Kids Corner: Australia

Raisin and I enjoyed learning about Australia for our school time this month. Since he was born there, I have a special place in my heart for the country, even though we really only saw a smidgen of the country: a few scenic places within five hours of where we lived in Melbourne.

We began our study of Australia by coloring a map with the geographic features (mountains and land with vegetation as opposed to the desert). Then I copied Small World at Home’s idea and we made a giant cookie in the shape of Australia. We added frosting and green sprinkles for the coastal/forested lands, chocolate chips for the mountains, and gel for the major cities. Then we cut it up into the various states and ate it! Raisin loved this project. He was excited to tell his friend, “Guess what? We ate Queensland this afternoon!” He thought it was so funny. Given his age, I’m not surprised that he’s forgotten the names of the states and cities. But weeks after the fact, he still can find the city he was born in (Melbourne) and he remembers about Uluru, which we talked about briefly.

One picture book we enjoyed helped us appreciate the size of the country and the various scenery. Are we There Yet? by Alison Lester was a child’s perspective of a month-long road trip around Australia. Raisin enjoyed learning about the various landmarks and began to understand the vast scope of the country since the road trip lasted so long for their family. He liked following their progress on the map. It was also fun to show him our family picture in the Victorian mountains (he was two months old) and a picture of him with me by The Twelve Apostles when he was about six months old. (We compared our picture  to the illustration of the family by the Twelve Apostles that was in the book!).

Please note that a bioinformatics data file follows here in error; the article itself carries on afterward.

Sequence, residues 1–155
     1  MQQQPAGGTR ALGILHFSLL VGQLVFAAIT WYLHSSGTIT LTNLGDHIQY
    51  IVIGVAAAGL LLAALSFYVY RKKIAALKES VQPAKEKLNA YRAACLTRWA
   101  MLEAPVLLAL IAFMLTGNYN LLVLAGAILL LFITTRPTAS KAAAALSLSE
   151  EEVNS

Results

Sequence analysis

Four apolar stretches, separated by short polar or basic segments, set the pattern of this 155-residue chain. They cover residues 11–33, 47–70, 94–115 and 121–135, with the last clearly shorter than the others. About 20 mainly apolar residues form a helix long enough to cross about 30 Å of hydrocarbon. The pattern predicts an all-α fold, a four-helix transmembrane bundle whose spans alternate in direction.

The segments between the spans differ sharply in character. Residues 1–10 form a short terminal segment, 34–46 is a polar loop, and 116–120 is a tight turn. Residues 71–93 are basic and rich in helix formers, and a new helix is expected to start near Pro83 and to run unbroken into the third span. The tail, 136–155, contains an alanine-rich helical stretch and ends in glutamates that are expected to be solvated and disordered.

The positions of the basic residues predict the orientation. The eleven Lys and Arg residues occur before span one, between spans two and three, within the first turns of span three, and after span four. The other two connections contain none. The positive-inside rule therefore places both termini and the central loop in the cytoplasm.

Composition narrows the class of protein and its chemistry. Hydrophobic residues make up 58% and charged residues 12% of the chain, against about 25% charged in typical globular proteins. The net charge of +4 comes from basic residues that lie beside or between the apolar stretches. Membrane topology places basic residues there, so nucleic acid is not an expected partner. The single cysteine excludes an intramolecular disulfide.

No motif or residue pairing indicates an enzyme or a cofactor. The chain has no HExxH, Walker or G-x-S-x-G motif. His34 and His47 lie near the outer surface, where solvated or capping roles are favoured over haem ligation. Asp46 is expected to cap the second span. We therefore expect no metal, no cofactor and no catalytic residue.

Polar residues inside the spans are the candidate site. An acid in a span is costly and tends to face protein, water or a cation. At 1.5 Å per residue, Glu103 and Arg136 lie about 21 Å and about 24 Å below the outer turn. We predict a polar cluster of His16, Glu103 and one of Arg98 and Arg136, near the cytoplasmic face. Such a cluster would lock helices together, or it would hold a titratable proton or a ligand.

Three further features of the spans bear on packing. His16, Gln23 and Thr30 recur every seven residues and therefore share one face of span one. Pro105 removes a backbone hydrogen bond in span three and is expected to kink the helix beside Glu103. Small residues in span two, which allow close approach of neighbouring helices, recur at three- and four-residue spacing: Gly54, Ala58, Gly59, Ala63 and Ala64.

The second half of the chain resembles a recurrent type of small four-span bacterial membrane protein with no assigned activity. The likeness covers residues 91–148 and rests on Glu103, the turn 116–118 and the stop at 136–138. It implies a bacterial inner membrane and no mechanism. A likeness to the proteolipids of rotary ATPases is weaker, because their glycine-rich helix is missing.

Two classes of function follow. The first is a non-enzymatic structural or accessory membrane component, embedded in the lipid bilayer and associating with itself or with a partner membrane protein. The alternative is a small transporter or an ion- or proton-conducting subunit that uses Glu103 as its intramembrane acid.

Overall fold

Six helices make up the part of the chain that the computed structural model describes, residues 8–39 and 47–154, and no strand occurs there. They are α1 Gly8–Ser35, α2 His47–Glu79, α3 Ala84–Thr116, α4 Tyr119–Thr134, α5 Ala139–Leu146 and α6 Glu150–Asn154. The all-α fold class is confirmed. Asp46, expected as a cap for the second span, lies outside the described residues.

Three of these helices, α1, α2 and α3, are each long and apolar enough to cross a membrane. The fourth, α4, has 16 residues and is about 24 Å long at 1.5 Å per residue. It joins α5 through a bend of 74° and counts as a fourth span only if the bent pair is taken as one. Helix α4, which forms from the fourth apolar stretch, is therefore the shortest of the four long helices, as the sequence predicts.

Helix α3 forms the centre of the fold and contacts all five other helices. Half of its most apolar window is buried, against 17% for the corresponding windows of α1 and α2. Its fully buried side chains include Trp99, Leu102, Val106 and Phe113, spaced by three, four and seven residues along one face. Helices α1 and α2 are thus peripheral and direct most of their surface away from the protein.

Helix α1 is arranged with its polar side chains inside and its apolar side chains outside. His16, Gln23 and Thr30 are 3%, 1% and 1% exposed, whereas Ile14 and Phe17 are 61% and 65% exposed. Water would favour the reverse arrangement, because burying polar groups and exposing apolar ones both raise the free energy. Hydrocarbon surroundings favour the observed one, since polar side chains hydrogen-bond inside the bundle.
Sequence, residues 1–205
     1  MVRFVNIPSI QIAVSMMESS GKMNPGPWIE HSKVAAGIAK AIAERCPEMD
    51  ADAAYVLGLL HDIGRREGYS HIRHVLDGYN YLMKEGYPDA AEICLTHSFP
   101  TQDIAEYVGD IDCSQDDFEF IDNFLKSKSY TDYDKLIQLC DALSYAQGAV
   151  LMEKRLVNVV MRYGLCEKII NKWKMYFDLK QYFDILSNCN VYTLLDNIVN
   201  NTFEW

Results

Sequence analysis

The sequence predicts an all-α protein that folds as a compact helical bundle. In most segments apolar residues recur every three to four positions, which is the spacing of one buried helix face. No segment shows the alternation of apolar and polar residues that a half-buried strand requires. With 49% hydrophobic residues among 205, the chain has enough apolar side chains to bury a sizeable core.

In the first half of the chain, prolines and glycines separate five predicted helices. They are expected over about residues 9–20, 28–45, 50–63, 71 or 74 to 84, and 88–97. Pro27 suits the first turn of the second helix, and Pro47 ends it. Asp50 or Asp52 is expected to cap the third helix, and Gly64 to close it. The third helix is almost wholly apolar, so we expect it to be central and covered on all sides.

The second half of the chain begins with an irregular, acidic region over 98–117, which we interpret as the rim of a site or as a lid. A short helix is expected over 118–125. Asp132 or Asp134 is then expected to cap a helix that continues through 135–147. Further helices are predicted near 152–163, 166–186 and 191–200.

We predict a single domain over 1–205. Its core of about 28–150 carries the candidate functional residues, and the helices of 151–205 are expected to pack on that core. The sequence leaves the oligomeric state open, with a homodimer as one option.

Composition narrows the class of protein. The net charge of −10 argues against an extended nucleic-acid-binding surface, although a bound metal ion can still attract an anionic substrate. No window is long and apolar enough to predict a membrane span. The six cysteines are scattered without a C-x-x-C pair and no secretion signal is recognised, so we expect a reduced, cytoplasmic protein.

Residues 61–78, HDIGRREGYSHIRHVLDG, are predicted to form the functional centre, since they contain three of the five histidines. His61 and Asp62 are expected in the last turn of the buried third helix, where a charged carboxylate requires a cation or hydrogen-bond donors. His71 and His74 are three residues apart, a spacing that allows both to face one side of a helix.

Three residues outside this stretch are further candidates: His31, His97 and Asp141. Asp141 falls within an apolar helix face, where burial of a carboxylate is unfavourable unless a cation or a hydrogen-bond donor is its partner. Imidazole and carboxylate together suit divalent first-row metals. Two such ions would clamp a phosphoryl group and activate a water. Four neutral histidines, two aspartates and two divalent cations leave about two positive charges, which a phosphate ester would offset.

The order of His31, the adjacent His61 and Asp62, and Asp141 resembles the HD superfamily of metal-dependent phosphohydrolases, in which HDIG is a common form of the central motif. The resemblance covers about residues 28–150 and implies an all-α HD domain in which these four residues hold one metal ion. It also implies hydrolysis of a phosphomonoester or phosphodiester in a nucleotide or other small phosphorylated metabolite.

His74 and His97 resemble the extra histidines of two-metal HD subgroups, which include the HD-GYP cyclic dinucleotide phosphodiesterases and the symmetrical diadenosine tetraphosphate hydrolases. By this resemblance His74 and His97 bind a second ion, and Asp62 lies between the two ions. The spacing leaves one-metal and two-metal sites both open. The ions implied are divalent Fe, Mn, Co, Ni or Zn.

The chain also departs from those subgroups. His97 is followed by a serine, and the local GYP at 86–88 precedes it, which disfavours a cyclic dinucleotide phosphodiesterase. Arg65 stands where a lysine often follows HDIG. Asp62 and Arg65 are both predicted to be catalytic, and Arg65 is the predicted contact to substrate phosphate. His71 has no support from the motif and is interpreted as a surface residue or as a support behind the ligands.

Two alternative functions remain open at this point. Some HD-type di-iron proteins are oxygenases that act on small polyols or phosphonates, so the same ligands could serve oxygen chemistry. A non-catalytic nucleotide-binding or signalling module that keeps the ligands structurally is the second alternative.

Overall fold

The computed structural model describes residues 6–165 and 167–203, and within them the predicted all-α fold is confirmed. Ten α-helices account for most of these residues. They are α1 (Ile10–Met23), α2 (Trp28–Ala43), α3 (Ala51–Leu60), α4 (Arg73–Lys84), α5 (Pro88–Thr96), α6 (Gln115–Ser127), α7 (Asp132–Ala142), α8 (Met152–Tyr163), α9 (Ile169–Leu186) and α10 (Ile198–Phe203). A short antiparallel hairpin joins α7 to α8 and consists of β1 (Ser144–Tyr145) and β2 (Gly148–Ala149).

We also spent about a week learning about the Great Barrier Reef. We watched a National Geographic video about it (it was geared towards adults, so I sat with him and we talked through the entire movie, and even then he barely made it through it.). We watched Finding Nemo, of course, and make a food chain chart using images from that movie to talk about which animals were predators to whom. We made another board game, The Finding Nemo Game, which rehashed some of the facts about reef creatures, but we didn’t play it nearly as much as we played our Earth Game so Raisin has forgotten a lot of what we discussed. In general, though, he remembers the Great Barrier Reef is a cool thing off the coast of Australia, and he knows what a “predator” is, so I consider that success for us!

 

Raisin did not show immense interest in learning much about Australia: neither the people (I loved the Dreamtime stories, but I could not get him interested), the history, nor the landmarks interested him. Our unit study ended up being mostly about the animals of Australia, which was fun too. Koala Lou by Mem Fox told of a koala who wanted to impress her mother, so she entered a gumtree climbing contest. I loved the illustrations, which featured all the various animals of the Australian outback. Wombat Stew by Marcia Vaughan was a silly tale of various animals getting the dingo to add icky things to his soup in order to trick him in to not eating the wombat. Although Raisin insisted he didn’t like this story, I caught him singing the Wombat Stew song after we read this book!  Snap! by Marcia Vaughan told the story of some young Australian animals playing nearby the crocodile. They use their wisdom to avoid being eaten. And finally, the ridiculous My Grandma Lived in Gooligulch by Graeme Base is about a woman who adopts the animals of the bush. Told in poetry, the book gets more and more amusing as grandma’s pet animals fill the pages.